You may be asking, what if I was unfaithful and I have a lot to loss by confessing it. If so, you are not alone and the experts seem to be divided on what is best. My own opinion is that if you withhold something, you will be living a charade and on some level you will know that. You may or may not be caught, but you will have some level of shame and guilt and it will be more difficult to connect with your partner. I believe in most cases, it’s better to come clean, deal with the fallout and move on. For some couples this is impossible, but for others it often leads to a transformation from good to better. Granted, this shift can take a lot of time and my involve a considerable level of discomfort and tears.
When people cheat, often they are unconsciously trying to bring attention to an area of the relationship that needs attention. In fact, some theories say that the person wants to get caught and perhaps acted out with the hope some unmet need would be forced to the surface. Certainly, this is not true in all instances, but it often is. Chances are if the behavior is repeated it’s a sign of some unmet need or unresolved issue in the relationship.
Infidelity is a very common phenomenon. We are all human and while we may aspire to perfect faithfulness, the statistics suggest that it is quite likely that in a long-term marriage or partnership one or the other partner will cheat. One study, puts the actual number for one-time infidelity by either one of the two partners in a marriage as high as 80%. When you consider the divorce rate, the infidelity rate among men (50-60%) and the doubling of the infidelity rate among women over the last five decades, these kinds of numbers are seem more reasonable.
With the use of contraceptives, people spending more time at work, women working outside the home, an increased level of business travelling and more stress in general, these trends make even more sense. Also, the institution of marriage, which is largely social in nature vs.the more private nature of a love affair sheds even more light on the temptation. People also live longer and undergo more change, 100 years ago until death do us part may have meant living until 60 rather than 90. At the same time, people years ago weren’t bombarded with media and advertising riddled with perfect bodies, perfect lives and the type of anonymity and isolation we often see in cities and even suburbs.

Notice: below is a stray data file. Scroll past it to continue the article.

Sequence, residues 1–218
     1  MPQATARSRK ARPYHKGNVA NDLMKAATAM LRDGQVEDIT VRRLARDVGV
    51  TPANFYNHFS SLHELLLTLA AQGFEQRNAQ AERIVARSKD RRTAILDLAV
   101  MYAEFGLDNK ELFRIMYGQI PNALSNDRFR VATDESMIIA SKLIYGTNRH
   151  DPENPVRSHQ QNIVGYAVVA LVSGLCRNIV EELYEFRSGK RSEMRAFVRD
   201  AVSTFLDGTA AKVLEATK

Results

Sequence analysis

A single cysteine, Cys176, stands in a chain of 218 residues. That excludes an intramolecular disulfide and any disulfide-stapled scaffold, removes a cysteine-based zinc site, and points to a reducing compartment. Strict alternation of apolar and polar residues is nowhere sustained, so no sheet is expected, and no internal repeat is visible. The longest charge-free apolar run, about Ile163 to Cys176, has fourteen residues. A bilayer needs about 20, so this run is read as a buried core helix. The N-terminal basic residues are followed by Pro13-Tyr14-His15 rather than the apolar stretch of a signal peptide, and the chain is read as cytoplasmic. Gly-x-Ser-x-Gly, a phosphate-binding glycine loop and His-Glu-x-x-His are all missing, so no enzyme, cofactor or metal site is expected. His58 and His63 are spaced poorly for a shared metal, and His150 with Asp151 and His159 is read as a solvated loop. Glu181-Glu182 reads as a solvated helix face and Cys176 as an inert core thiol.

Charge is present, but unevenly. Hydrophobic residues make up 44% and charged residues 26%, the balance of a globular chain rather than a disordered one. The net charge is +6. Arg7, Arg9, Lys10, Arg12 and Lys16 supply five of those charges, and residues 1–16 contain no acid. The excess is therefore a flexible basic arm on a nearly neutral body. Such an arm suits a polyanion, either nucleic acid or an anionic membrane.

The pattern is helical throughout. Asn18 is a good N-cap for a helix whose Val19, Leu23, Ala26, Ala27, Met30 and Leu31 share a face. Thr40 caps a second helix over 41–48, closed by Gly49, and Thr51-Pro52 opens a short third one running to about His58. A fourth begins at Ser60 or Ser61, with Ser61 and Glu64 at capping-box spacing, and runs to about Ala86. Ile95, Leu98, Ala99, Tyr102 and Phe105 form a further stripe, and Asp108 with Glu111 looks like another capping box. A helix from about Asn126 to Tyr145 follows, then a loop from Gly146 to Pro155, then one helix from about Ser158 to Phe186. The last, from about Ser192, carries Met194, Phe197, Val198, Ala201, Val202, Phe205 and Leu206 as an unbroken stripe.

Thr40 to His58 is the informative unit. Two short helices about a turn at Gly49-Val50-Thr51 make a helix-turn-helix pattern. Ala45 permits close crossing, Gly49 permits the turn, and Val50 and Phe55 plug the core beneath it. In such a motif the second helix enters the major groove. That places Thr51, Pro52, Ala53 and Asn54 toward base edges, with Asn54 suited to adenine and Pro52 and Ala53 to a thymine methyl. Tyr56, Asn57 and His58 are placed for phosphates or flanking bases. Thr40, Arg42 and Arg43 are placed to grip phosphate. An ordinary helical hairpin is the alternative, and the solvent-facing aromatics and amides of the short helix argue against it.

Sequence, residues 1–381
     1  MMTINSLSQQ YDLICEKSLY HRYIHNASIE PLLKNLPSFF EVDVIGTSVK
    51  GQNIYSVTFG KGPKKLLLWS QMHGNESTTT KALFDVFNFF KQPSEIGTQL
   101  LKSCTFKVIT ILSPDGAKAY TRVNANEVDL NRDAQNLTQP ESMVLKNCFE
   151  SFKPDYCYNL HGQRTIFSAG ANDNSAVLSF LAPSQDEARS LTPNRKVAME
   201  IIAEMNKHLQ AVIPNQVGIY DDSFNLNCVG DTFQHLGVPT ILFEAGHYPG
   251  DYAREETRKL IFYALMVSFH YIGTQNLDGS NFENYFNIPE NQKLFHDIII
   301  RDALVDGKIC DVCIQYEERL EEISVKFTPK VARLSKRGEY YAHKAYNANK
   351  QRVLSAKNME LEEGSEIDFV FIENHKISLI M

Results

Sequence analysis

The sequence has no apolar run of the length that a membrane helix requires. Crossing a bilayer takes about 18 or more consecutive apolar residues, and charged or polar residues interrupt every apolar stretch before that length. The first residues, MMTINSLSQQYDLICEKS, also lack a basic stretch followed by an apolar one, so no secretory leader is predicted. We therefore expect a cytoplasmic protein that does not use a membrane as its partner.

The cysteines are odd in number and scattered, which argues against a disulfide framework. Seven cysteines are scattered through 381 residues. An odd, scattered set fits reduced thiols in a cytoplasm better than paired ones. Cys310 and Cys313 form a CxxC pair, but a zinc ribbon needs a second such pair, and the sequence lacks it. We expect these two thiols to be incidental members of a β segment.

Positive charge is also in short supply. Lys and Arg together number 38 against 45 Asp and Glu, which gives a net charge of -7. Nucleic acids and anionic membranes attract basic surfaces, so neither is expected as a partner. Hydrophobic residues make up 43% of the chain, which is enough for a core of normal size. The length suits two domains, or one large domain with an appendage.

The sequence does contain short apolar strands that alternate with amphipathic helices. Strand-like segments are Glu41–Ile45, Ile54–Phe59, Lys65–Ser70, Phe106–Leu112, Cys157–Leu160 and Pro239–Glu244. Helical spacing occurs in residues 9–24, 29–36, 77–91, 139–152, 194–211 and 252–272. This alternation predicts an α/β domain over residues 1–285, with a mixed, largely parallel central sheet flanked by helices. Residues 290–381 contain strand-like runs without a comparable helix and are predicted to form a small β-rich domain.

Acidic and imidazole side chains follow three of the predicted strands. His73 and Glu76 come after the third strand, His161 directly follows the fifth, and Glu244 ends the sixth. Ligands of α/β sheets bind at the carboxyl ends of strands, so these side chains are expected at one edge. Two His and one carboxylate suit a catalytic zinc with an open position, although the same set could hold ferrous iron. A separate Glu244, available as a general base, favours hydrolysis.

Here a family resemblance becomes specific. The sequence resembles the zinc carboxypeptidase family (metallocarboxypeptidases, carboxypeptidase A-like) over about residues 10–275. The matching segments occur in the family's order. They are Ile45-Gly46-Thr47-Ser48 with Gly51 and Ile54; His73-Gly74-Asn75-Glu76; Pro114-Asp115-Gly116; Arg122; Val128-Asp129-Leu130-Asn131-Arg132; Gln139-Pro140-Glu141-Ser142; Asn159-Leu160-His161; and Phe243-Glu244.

All of these factors make infidelity a phenomenon that we will likely have to deal with at some point in one of our key relationships. Interestingly, it doesn’t necessarily mean your partner doesn’t love you if they stray, especially when it’s the man doing the cheating. It could mean many things and it’s probably in the couple’s best interest to get to the bottom of what really went wrong or caused someone to act out. Don’t try to read the other person’s mind, you will almost certainly not get the whole picture.
I think a good way to avoid infidelity is to make your expectations known and communicate about what kind of container you are trying to create for your intimate life. Assuming your partner knows what you expect isn’t good enough for such an important area. Intimacy sort of defines itself — “in-to-me-you-see.” If communication is motivated by this orientation to go deeper, you can handle problems before they occur.
What is inevitable is that in any long-term relationship there will be moments of weakness and temptation. Deal with them proactively and you won’t be in the very uncomfortable situation of trying to piece your shared life back together again. If you or your partner does stray, seek out professional help in a coach or therapist. This will save both of you a lot of grief and possibly prevent your from burning bridges and hurting other innocent people on the road to recovery.